The most recent opinion polls published by the press and research centres in Brazil show Luiz Inácio Lula da Silva as favourite to win elections set for 2022.
The former president and leader of the Workers Party has the most support, not only from his political party but also from other representatives on the left, even those recognised as centrist.
He also has the backing of a sizeable proportion of Brazilians, who voted Jair Bolsonaro into office in 2018.
The Bolsonaro administration is considered one of the worst in the country’s history on all fronts, including his polemic statements and decisions on sensitive topics, such as the adverse effects of the COVID-19 pandemic. The growing criticism of everything that the head of state stands for is translating into rejection of a figure and politics that go against the views of most Brazilians.
Three years after his arrival in the Planalto Palace (the seat of government), all signs point to the Bolsonaro era ending with lots of sorrow and little glory, having only deepened the problems of Brazil’s diverse and unequal society.
A recent PoderData survey showed that 37 per cent of those interviewed felt that quality of life and other social and economic indicators had fallen between 2018 and the present.
This negative perception is closely linked to the economic context and the reduced purchasing power experienced by most, which is affected by inflation and the rising cost of food, fuel for cooking and vehicles, housing, health, education, and other essential products and services.
A poll by Quaest also highlighted the negative perception of the administrations efforts.
Half of those surveyed cited its poor record in managing the COVID-19 pandemic, tackling corruption and reducing violence and criminality, amongst other failings. If the vote took place today, Bolsonaro, who recently joined the Liberal Party, would win just 23 per cent of valid votes.
The arguments against Bolsonaro are sufficient to conclude that any alternative is a valid one. Yet, Lula is a candidate with invaluable letters of credence, who showed during his mandate (2003-2010) that he had no links to the countrys traditional politics.
The Workers Party representative is leading polls to be the next president. However, the path is not clear.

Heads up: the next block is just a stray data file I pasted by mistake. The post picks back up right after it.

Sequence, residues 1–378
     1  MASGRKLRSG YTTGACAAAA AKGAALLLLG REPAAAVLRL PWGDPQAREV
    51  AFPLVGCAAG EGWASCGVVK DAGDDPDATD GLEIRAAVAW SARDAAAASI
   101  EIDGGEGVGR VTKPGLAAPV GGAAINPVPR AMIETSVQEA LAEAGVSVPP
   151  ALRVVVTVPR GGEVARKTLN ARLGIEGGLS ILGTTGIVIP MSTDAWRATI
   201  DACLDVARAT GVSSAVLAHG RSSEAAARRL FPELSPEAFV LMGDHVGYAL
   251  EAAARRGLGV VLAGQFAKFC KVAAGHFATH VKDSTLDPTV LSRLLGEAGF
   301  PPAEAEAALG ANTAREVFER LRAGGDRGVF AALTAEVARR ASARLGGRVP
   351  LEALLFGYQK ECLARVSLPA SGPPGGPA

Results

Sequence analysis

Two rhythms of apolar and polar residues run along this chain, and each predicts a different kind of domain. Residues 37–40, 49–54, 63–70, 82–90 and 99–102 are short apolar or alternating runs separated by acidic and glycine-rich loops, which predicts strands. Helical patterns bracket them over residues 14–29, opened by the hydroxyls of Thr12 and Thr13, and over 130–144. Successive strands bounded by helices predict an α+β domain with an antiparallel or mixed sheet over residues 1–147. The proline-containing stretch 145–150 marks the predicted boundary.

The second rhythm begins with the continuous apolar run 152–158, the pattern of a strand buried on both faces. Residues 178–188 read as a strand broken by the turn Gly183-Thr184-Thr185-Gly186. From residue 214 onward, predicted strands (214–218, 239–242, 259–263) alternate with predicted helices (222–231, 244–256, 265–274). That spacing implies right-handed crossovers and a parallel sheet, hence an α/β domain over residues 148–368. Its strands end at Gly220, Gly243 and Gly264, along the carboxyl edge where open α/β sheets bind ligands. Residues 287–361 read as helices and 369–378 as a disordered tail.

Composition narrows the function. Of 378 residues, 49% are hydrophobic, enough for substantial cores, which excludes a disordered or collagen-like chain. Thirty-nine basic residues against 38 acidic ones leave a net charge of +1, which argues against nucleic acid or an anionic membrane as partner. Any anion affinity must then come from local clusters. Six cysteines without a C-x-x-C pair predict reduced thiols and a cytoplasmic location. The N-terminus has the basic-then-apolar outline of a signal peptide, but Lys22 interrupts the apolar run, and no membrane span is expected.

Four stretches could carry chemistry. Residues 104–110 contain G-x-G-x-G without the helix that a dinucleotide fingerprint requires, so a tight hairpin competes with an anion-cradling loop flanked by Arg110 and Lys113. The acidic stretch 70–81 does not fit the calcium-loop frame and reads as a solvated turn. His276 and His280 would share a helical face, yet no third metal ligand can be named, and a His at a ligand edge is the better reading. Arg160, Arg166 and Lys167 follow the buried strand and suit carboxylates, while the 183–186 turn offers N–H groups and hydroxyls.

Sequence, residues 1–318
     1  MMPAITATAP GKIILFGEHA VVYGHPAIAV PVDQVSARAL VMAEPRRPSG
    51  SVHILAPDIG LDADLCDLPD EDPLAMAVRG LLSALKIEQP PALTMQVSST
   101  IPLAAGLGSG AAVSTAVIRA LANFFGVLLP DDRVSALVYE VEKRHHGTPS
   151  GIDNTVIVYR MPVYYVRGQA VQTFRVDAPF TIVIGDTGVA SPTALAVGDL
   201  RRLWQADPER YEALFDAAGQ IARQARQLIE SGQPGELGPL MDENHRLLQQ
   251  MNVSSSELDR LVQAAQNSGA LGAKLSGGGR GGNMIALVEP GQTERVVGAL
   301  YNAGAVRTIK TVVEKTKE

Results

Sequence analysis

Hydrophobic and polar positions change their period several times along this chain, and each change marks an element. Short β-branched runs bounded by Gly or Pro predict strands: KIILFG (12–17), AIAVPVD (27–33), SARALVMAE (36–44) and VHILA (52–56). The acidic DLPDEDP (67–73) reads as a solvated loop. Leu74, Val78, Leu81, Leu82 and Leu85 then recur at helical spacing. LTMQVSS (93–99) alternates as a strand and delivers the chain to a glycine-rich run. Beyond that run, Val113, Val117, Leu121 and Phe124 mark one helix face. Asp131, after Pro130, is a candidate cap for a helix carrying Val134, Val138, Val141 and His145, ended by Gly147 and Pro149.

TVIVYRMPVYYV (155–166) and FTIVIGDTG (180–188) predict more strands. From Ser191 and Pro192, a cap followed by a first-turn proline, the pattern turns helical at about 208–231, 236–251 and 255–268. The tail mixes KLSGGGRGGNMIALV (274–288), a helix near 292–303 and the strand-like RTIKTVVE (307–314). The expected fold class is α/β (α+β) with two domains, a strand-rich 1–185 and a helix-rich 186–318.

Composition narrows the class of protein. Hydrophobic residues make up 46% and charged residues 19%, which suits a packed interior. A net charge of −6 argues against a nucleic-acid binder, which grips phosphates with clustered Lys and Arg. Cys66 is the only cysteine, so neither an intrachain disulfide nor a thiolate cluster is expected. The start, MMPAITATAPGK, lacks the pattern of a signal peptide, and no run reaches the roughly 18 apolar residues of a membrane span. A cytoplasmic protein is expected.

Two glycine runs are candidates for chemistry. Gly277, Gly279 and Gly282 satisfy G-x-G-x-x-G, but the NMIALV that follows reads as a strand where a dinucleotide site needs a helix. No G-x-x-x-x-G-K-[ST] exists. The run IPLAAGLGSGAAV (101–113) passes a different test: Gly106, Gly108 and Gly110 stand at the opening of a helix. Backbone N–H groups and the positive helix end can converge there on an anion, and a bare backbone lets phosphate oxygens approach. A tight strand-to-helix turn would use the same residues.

The Brazilian right has demonstrated, on more than one occasion, how effective it can be when it wants to achieve its objectives. For example, Lula himself was banned from politics during court proceedings based on false accusations.
For analyst Luís Costa, the answer is an alliance of centrist and leftist parties built around the Workers Party, and the need to put an end to the right’s old and corrupt practices, perpetrated in recent years by the far right represented by Bolsonaro.
In his opinion, this political line of action, known in Brazil as bolsonarismo, must be overcome, locked up and buried “in a lead-sealed coffin, like you would with toxic waste”.
For Costa, the managing editor of Brasil 247, so-called bolsonarismo means “hate, division in the country and the dismantling of public policies that provided an organisational framework for the long struggle of a nation destined to fight tirelessly against its situation in order to reduce the abysmal social inequality gap”.
A new social pact is necessary, Costa says, as are changes in the dynamics of wealth production and distribution.
“The only thing that will bring us this victory is the reconciliation of Brazilians with a social, political and economic agenda focused on reindustrialisation, which is based on sustainability and environmental conservation strategies, as well as an unswerving commitment to the distribution of income and the restoration of the State’s power as regulator and mediator of conflict,” he argues.
This must be the focus of the institutional framework, believes Costa, who states that by employing the existing political arsenal to enable the necessary alliances, we will be able to turn the situation around at the ballot box. “There is no time to lose, there is a country to rescue from the bottom of the pit,” he concludes. (PL)